Joh 8:43-45 Why do you not understand what I say? It is because you cannot bear to hear my word. (44) You are of your father the devil, and your will is to do your father’s desires. He was a murderer from the beginning, and does not stand in the truth, because there is no truth in him. When he lies, he speaks out of his own character, for he is a liar and the father of lies. (45) But because I tell the truth, you do not believe me.

Those are just two of many examples I could give. So many people today who claim to be Christians would even tell Jesus that he was too harsh and failed to speak truth in love. Christ, in other words, was not a very good Christian!
I won’t take time in this post to go back through the context of Paul’s statement in Ephesians 4:15, but if you look over the flow of his argument you will see that in fact “speaking the truth in love” is speaking truth in such a way as to expose evil:

“…so that we may no longer be children, tossed to and fro by the waves and carried about by every wind of doctrine, by human cunning, by craftiness in deceitful schemes…”

Speaking the truth is love because it exposes false doctrine, human cunning, craftiness and deceit! Words that fail to do so cannot be construed to be statements that show the real love of Christ.
When someone – a counselor, a pastor, an author, a friend – lays this “speak the truth in love” business upon you with the intention of telling you to just keep quiet about the evil and let it continue, you can confidently reject what they are telling you. Speaking the truth is loving. Speaking the truth requires speaking. Love that is silent in the face of false teaching, cunning, craftiness, and deceit may be something, but be assured, it is not the love of Christ.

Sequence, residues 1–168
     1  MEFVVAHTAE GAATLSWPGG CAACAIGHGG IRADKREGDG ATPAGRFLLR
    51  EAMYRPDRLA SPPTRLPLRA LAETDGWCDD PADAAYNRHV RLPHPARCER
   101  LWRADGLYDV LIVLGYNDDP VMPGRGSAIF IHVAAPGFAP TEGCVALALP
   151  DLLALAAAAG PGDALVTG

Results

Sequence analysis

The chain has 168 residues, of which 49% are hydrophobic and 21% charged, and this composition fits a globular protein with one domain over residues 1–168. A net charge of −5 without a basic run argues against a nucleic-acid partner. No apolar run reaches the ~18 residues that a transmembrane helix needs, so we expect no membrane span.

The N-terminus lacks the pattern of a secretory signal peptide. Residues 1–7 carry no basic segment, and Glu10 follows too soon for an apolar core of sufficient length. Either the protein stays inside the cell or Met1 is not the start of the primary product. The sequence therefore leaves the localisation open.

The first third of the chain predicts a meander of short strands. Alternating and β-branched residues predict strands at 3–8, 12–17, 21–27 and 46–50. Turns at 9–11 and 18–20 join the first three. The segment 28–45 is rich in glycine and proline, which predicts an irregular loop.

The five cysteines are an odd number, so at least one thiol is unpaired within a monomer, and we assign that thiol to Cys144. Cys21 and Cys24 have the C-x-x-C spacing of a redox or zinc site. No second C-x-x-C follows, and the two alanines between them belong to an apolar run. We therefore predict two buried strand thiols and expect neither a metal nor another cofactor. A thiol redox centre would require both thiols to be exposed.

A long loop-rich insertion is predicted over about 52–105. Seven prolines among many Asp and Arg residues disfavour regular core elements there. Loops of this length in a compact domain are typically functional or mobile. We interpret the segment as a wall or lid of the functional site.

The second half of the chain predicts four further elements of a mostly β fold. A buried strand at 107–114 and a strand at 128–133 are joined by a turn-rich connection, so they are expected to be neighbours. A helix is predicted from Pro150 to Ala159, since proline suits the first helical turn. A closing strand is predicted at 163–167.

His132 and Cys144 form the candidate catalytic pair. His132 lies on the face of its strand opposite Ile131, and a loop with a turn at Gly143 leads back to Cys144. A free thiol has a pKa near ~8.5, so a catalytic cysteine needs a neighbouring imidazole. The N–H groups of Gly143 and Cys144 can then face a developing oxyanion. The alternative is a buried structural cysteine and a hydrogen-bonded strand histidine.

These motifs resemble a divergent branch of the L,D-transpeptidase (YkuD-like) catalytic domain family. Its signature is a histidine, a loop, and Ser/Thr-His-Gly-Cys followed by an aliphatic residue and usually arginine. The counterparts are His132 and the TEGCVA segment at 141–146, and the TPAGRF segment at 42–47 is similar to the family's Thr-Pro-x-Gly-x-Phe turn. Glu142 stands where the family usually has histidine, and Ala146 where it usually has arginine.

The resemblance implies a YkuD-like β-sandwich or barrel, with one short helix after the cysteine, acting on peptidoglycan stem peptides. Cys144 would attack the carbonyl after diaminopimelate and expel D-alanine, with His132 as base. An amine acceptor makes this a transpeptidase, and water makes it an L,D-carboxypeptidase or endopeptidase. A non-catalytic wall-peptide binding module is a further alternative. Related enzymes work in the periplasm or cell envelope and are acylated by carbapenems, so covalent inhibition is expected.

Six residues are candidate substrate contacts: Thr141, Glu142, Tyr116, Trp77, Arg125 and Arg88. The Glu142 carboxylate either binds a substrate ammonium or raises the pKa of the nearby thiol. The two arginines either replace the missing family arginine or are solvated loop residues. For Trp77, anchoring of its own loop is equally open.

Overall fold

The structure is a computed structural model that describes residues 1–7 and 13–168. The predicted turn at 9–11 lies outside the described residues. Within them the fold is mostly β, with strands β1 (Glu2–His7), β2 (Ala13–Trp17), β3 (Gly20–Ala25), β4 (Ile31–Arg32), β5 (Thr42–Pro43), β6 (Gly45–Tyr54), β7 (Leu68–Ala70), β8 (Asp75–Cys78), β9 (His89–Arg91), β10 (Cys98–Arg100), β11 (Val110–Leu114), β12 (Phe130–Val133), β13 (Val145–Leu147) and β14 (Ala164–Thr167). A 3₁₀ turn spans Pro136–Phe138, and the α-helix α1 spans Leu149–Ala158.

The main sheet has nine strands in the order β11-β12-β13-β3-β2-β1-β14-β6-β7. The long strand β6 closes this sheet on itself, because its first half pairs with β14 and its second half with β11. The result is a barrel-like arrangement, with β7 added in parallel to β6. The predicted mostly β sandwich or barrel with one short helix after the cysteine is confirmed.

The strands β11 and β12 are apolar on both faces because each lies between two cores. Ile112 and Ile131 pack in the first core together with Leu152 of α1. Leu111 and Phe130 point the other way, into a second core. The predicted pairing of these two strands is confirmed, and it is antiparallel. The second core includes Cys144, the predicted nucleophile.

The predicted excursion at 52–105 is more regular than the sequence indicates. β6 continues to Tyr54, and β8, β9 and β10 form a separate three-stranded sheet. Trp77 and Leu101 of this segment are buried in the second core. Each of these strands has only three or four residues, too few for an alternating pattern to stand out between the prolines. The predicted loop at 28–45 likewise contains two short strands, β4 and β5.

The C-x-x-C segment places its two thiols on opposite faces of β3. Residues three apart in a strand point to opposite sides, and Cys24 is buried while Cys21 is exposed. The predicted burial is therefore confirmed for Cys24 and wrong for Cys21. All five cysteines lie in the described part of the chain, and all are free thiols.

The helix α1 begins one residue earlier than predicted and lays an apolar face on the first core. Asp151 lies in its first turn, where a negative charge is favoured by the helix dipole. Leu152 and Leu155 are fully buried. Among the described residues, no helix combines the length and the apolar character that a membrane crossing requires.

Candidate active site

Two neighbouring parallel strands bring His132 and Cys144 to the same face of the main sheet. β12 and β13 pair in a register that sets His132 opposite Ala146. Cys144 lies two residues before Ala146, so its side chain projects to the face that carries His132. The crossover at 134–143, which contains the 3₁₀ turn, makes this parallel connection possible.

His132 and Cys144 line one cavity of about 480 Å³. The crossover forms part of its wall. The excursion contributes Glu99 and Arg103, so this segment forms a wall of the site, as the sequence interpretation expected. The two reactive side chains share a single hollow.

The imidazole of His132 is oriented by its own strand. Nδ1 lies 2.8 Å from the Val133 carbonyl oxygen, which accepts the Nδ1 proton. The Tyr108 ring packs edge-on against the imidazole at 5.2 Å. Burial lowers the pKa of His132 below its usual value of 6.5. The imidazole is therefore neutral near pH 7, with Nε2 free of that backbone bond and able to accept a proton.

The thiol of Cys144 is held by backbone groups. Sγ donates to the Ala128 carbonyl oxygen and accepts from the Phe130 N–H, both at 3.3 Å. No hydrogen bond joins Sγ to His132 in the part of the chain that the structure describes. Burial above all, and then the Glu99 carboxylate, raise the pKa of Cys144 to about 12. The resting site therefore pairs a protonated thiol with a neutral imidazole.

The Deeds of the Flesh 'Fleshed Out'" — Sermon by Ps Jeff Crippen


The Burden for Repentance Rests on the Wicked, Not on their Victims


  1. anonymous

    “So many people today who claim to be Christians would even tell Jesus that he was too harsh and failed to speak truth in love. Christ, in other words, was not a very good Christian!”
    This is so true. Jesus flipped the money-changers table. Fashioned a whip, too. Called out the Pharisees. “Brood of vipers”.
    Indeed, “speaking the truth in love” has become a catch phrase for those who want to tsk-tsk and critique truth-tellers and silence them, or otherwise water down their speech until it’s rather meaningless.
    “Judge not”, that’s a whole can of worms in itself. Choice phrase of abusers and abuser-apologists everywhere.

  2. Ann

    Thank you for this. Still working through and processing my own mess within my family and this was helpful. It’s so hard as I don’t want to be unkind, but there were things that had to be said that no matter HOW I said them they were going to be tough to hear, I also know that I could always do better so the accusations and rejection hit home. I’m having to rest that I stand or fall before my Lord as I tried to do the right thing, but this has come at such a high cost that it’s been devastating and makes me question myself all the time.

    • Jeff Crippen

      There is never any way to tell evil people truth so they will like it. It is the norm for them to make the accusation “you weren’t speaking in love.” Often I have found this to be a tactic for shifting attention from their sin back you you and trying to blame you.